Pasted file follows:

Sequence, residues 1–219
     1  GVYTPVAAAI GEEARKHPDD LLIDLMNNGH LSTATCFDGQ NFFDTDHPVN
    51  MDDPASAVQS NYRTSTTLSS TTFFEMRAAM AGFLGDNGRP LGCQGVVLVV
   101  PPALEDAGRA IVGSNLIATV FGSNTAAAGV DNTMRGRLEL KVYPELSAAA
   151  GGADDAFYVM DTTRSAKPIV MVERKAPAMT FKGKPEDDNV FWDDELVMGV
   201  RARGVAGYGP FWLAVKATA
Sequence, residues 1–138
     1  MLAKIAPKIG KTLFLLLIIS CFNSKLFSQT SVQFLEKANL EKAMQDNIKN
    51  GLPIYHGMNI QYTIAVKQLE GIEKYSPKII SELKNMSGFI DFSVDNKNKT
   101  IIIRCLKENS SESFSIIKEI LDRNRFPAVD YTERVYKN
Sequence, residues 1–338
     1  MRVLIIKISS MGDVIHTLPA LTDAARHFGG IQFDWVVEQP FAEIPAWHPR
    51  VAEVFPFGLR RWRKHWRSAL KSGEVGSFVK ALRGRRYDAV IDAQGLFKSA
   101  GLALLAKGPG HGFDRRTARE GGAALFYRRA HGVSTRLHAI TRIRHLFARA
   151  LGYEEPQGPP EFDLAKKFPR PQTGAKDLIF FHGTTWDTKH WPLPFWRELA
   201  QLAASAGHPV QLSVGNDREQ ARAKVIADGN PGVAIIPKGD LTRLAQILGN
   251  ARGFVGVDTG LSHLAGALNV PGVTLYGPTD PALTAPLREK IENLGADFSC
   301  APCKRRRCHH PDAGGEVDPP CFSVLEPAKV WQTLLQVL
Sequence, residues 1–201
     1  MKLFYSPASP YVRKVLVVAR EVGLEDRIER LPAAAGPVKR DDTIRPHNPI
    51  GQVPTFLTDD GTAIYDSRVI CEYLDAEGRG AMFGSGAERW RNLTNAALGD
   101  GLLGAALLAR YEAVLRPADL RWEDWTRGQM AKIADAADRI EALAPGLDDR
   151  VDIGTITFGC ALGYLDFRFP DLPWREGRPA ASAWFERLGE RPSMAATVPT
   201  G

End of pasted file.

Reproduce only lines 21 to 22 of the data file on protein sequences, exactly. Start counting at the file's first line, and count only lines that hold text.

    51  GQVPTFLTDD GTAIYDSRVI CEYLDAEGRG AMFGSGAERW RNLTNAALGD
   101  GLLGAALLAR YEAVLRPADL RWEDWTRGQM AKIADAADRI EALAPGLDDR